One of CompactPCI connectors 26 is designated as a system slot, and appropriate wiring connections are made for this connector in accordance with the CompactPCI standard. A system board or card, containing a microprocessor, is normally plugged into this slot.

Appropriate bus terminations are provided on circuit board 12, in accordance with the CompactPCI standards. In most cases, this involves clamping diodes (not shown) at each end of each signal line.

Along the length of the bus, the connectors are staggered or interleaved on opposite sides of the circuit board 12, so that each CompactPCI connector 26 is positioned linearly between adjacent Desktop PCI connectors 16.

The particular positioning of the different types of PCI connectors allows Desktop PCI and CompactPCI boards to be used with a single bus board, while keeping the overall length of the bus within the limits set by the PCI electrical specifications. In addition, this arrangement allows as many as eight boards to be used on the opposite sides of the centerplane, without requiring active bridging circuits and the accompanying complexities. Furthermore, the design allows bus signals of at least 33 MHz, as specified by the PCI and CompactPCI standards.

More specifically, the described embodiment includes one 3-wide CompactPCI system slot, two 2-wide CompactPCI I/O slots, and five Desktop PCI slots. All eight slots utilize a single centerplane without active bridging circuitry, while still meeting PCI electrical and physical specifications.

The ability to mix Desktop and CompactPCI boards is a tremendous advantage in a development system; CompactPCI boards allow a designer to test different microprocessors boards in a given system, while Desktop PCI boards allow the use and testing of more inexpensive peripheral components.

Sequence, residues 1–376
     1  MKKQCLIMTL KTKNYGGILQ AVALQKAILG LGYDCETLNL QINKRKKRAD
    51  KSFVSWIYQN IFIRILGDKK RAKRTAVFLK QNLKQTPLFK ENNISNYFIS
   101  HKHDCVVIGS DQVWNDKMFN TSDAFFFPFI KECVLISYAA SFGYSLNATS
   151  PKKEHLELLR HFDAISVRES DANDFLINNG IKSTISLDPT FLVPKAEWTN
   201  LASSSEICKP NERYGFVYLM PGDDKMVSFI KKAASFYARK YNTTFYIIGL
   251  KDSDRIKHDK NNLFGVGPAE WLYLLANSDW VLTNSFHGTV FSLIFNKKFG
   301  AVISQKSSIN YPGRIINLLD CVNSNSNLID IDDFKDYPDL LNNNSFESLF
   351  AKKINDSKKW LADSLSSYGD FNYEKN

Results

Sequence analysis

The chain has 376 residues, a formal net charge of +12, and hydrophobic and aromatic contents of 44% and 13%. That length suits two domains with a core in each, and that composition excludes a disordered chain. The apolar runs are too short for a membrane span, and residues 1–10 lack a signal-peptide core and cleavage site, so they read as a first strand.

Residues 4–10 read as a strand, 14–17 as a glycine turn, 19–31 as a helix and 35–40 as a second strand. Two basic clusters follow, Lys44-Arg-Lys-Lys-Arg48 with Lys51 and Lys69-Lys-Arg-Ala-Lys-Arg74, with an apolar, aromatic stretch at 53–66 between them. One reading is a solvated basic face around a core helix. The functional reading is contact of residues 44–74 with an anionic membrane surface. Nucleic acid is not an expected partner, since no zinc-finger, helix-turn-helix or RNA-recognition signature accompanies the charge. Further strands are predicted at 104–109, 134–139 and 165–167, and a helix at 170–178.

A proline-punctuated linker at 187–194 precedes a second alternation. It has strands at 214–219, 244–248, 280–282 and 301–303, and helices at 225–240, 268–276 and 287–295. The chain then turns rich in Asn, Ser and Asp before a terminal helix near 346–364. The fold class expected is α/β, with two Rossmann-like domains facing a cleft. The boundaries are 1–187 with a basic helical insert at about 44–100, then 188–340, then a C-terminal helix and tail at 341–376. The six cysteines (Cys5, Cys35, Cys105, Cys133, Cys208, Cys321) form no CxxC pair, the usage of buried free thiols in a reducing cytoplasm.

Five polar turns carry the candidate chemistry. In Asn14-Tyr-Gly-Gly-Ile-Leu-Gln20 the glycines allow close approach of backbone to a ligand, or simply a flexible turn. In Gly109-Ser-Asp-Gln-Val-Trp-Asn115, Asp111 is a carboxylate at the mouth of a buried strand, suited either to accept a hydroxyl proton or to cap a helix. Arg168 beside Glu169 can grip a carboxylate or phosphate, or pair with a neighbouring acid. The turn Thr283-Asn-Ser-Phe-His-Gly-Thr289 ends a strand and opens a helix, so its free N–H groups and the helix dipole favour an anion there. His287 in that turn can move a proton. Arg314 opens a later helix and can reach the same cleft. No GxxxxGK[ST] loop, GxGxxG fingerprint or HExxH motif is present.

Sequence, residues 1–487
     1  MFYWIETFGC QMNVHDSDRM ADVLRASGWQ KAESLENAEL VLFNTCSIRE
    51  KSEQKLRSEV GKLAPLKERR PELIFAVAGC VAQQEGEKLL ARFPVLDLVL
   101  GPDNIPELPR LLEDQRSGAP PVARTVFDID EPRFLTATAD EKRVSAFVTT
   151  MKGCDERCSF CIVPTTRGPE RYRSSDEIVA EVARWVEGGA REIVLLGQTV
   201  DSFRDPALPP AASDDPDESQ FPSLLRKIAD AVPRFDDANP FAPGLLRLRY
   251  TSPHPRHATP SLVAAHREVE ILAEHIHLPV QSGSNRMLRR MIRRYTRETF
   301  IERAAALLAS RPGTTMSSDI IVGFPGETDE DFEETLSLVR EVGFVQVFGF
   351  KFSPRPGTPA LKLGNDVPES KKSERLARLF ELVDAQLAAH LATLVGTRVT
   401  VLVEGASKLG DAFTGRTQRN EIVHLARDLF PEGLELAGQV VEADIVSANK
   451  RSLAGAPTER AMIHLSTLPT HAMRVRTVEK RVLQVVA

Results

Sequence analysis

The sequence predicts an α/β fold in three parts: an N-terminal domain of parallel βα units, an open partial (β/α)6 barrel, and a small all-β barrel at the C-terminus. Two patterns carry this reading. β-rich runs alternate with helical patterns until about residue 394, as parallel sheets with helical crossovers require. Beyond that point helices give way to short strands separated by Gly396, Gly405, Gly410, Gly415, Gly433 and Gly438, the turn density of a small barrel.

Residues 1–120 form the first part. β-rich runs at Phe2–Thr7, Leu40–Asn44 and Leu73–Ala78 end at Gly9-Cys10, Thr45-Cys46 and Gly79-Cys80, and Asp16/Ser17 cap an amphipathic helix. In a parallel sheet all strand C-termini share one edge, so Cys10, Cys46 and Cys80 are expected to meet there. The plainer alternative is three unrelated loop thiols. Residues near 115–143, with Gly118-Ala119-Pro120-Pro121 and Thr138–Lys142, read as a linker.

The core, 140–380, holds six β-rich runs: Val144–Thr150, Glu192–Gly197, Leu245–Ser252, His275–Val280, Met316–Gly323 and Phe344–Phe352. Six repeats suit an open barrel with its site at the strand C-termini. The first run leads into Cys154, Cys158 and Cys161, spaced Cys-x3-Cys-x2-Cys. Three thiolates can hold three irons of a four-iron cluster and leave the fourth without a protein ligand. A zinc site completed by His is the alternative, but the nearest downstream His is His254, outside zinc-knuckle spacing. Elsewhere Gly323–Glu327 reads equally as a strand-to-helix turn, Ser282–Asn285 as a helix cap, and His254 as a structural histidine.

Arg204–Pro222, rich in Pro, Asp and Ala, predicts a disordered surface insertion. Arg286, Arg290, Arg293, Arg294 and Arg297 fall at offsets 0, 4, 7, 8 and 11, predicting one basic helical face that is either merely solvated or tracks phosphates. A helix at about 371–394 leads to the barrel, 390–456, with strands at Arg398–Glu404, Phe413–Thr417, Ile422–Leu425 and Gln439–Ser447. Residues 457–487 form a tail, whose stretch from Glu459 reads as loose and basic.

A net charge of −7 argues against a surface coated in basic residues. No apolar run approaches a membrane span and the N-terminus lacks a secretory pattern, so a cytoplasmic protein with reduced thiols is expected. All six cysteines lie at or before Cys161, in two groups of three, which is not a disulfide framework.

Although the invention has been described in language specific to structural features and/or methodological steps, it is to be understood that the invention defined in the appended claims is not necessarily limited to the specific features or steps described. Rather, the specific features and steps are disclosed as preferred forms of implementing the claimed invention.

Patent Citations
Cited PatentFiling datePublication dateApplicantTitle
US6185110 *Jan 29, 1999Feb 6, 2001Jin LiuMounting frame for mounting input/output device to conpactPCI-based computer
US6209051 *May 14, 1998Mar 27, 2001Motorola, Inc.Method for switching between multiple system hosts
Non-Patent Citations
Reference
1CompactPCI Specification, PICMG 2.0, Revision 2.1, Sep. 1997.
2PCI Local Bus Specification, Revison 2.2, 1998.
3Stanley et al., PCI System Architecture, 3rd Edition, 1995, pp. 39-52.
Referenced by
Citing PatentFiling datePublication dateApplicantTitle
US6661675 *Mar 30, 2001Dec 9, 2003Hartmann Elektronik GmbhDevice and bridge card for a computer
US6662254 *Jun 22, 2000Dec 9, 2003Axerra Networks, Ltd.System architecture
US6714021 *Jan 11, 2001Mar 30, 2004Sun Microsystems, Inc.Integrated time domain reflectometry (TDR) tester
US6735090 *Sep 1, 2000May 11, 2004Kabushiki Kaisha ToshibaHigh-speed memory device, socket mounting structure for mounting a high-speed memory device and mounting method of mounting high-speed memory device
US6836811 *Sep 12, 2001Dec 28, 2004Sun Microsystems, Inc.Front access only CPCI computer system
US7017001 *Apr 16, 2003Mar 21, 2006Motorola, Inc.Compact PCI backplane and method of data transfer across the compact PCI backplane
US7206963 *Jun 12, 2003Apr 17, 2007Sun Microsystems, Inc.System and method for providing switch redundancy between two server systems
US20040210700 *Apr 16, 2003Oct 21, 2004Hill Charles C.Compact PCI backplane and method of data transfer across the compact PCI backplane
US20040255190 *Jun 12, 2003Dec 16, 2004Sun Microsystems, IncSystem and method for providing switch redundancy between two server systems
DE102006003373A1 *Jan 24, 2006Aug 9, 2007OCé PRINTING SYSTEMS GMBHBus card`s e.g. center tarpaulin arrangement, component double-sided insertion device for e.g. multi computer system, has connecting lines connecting contact pin of connectors to both sides of bus card
Classifications
U.S. Classification710/301
International ClassificationH05K1/18, G06F13/40
Cooperative ClassificationH05K1/18, G06F13/409
European ClassificationG06F13/40E4
Legal Events
DateCodeEventDescription
Sep 2, 1999ASAssignment
Owner name: MICROSOFT CORPORATION, WASHINGTON
Free format text: ASSIGNMENT OF ASSIGNORS INTEREST;ASSIGNORS:VOTH, DAVID W.;BITTNER, JR., RAY A.;REEL/FRAME:010207/0641
Effective date: 19990812
Jul 28, 2006FPAYFee payment
Year of fee payment: 4
Jul 28, 2010FPAYFee payment
Year of fee payment: 8
Jul 25, 2014FPAYFee payment
Year of fee payment: 12
Dec 9, 2014ASAssignment
Owner name: MICROSOFT TECHNOLOGY LICENSING, LLC, WASHINGTON
Free format text: ASSIGNMENT OF ASSIGNORS INTEREST;ASSIGNOR:MICROSOFT CORPORATION;REEL/FRAME:034541/0001
Effective date: 20141014